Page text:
By Robert Henson
In 2004 the brother-and-brother team of Maxwell and Jules Boykoff wrote a widely publicized paper
for the journal Global Environmental Change called "Balance as bias: global warming and the US prestige press." Through a content analysis of more than 600 stories published in four influential U.S. newspapers, the Boykoffs deftly showed how coverage of climate change that appears even-handed ("some scientists say it's real; others say it's not") can greatly distort the degree of consensus that really exists. The Boykoffs concluded that "adherence to the norm of balanced reporting leads to informationally biased coverage of global warming."
There's a similar phenomenon that often crops up in weathercasts and even in small talk. Often when temperatures run well above average in one part of the nation, they're below average somewhere else. This is a natural outgrowth of the characteristic scale of blocking patterns, but it also makes a sort of intuitive sense: what goes up must come down, and if it's warm here, it must be cool there, to "balance things out."
Jason Samenow's ForecastToday:
Mostly cloudy and humid with a 50% chance of showers and thunderstorms, particularly during the afternoon and evening. Highs in the mid 80s.Tonight:
A 30% chance of showers and thunderstorms. Lows 69-74.Monday:
Mostly cloudy with a 40% chance of showers and thunderstorms. Highs in the upper 80s.
This summer offers a striking example of the perils of this notion of meteorological balance. In one corner, we have the brutal heat wave that's been centered on the northern Plains and Rockies most of the summer, with Montana at its epicenter. As of Friday, July 27, Missoula has seen nine days at or above 100°F (their previous record was six, in the peak Dust Bowl year of 1936). They hit a new all-time high of 107°F on July 6 and scored an all-time warmest low last Tuesday, July 24, with 71°F. Even more impressive, Bozeman, MT, has matched or topped its former all-time record high of 103°F no less than five times this month! (Their new all-time max is 106°F.)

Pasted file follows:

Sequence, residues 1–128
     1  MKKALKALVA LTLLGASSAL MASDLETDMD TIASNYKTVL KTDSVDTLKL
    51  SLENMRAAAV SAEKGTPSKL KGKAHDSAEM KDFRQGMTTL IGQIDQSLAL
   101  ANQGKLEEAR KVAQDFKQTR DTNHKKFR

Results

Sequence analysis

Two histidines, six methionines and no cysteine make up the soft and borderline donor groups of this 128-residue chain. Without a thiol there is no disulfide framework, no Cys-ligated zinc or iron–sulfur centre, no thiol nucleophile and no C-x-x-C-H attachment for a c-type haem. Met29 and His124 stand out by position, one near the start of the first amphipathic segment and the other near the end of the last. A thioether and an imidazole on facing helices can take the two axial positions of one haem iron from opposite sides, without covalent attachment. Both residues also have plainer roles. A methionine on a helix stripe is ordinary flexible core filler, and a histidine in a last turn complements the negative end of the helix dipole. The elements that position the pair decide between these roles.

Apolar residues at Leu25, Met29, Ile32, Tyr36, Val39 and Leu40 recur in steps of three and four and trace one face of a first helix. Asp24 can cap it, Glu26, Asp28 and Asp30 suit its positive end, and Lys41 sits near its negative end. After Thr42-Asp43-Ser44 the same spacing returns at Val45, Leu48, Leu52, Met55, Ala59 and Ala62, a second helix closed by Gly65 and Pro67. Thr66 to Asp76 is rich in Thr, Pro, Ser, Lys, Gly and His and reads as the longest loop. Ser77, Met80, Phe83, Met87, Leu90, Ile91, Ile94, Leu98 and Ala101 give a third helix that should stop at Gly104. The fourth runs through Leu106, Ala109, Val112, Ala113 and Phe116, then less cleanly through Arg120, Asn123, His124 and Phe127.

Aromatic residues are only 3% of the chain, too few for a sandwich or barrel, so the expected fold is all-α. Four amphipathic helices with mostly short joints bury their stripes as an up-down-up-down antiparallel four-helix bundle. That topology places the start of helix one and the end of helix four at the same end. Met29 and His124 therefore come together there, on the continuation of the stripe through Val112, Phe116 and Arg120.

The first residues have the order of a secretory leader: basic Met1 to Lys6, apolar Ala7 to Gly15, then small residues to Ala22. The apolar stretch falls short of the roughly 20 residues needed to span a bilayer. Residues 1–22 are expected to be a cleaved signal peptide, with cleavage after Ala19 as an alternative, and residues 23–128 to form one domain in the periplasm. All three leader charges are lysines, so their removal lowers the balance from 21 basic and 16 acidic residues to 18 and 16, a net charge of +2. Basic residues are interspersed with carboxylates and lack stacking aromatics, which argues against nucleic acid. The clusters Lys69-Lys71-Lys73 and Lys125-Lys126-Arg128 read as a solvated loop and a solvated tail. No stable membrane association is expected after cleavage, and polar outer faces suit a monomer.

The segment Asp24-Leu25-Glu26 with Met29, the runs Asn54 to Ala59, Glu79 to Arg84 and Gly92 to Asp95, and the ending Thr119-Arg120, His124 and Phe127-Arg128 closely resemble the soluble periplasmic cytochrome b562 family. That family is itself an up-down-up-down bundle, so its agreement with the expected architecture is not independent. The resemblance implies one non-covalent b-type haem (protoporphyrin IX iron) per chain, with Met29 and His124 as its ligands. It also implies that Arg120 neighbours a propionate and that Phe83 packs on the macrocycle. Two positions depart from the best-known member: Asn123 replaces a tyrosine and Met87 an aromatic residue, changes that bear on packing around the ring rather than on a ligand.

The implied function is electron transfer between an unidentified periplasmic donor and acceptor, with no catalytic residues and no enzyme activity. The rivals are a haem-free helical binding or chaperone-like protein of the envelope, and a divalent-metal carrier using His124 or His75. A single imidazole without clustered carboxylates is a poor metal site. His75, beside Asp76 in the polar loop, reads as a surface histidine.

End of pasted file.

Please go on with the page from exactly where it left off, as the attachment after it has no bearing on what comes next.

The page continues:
In the other corner, further south, Texas and Oklahoma have enjoyed an oddly mild summer by their usual broiling standards. The Dallas-Fort Worth station has topped 96°F only twice all summer, and they've yet to break the century mark - very unusual. The story is similar in Oklahoma City, where only one day all summer has made it above 93°F (July 15, which managed to hit 96°F). By comparison, Oklahoma City's average high for this time of year is around 94°F.
However, these two areas of anomalies don't quite balance each other out. The southern-plains mildness is related to an amazingly persistent wet pattern that held through much of June into July. According to the Oklahoma Climatological Survey
, the town of Minco, not far from Oklahoma City, has logged 44 inches of precipitation in 2007 - far more than its usual yearly total - with most of it falling in the last three months. Because of the clouds and moisture, overnight lows have held close to average, and there's been an unusually uniform temperature regime from day to day. The upshot: June as a whole ran only 0.4°F below average in both Oklahoma City and DFW, and July is running between 1°F and 2°F below average in both cities. Contrast that to places like Missoula, where June averaged 2.7°F above average and the July anomaly is close to an astounding 11°F.
As a whole, we're experiencing yet another hotter-than-usual summer in the United States, a fact borne out by NOAA's June analysis
(23rd warmest on record for the lower 48 states) and by one of my favorite Web sites: the "operational global circulation and anomalies
" page from NOAA's Physical Sciences Division. By scrolling down to Surface Temperatures and scrolling across, you can display worldwide temperature anomalies for a whole variety of recent periods, ranging from a single day
to an entire year
. Notice how most of the cold anomalies evident on almost any single day disappear when you stretch to a longer time period, such as 30 days, and especially for a full year. Even when day-to-day weather appears to "balance out" from coast to coast, it's clear that the scales are tipping in one direction over the longer term - and it's not toward cooling.Meteorologist Robert Henson is a writer and editor at the University Corporation for Atmospheric Research, which operates the National Center for Atmospheric Research. He is the author of "The Rough Guide to Weather" (second edition, 2007) and "The Rough Guide to Climate Change" (2006). Henson is filling in for Andrew Freedman this week and next week.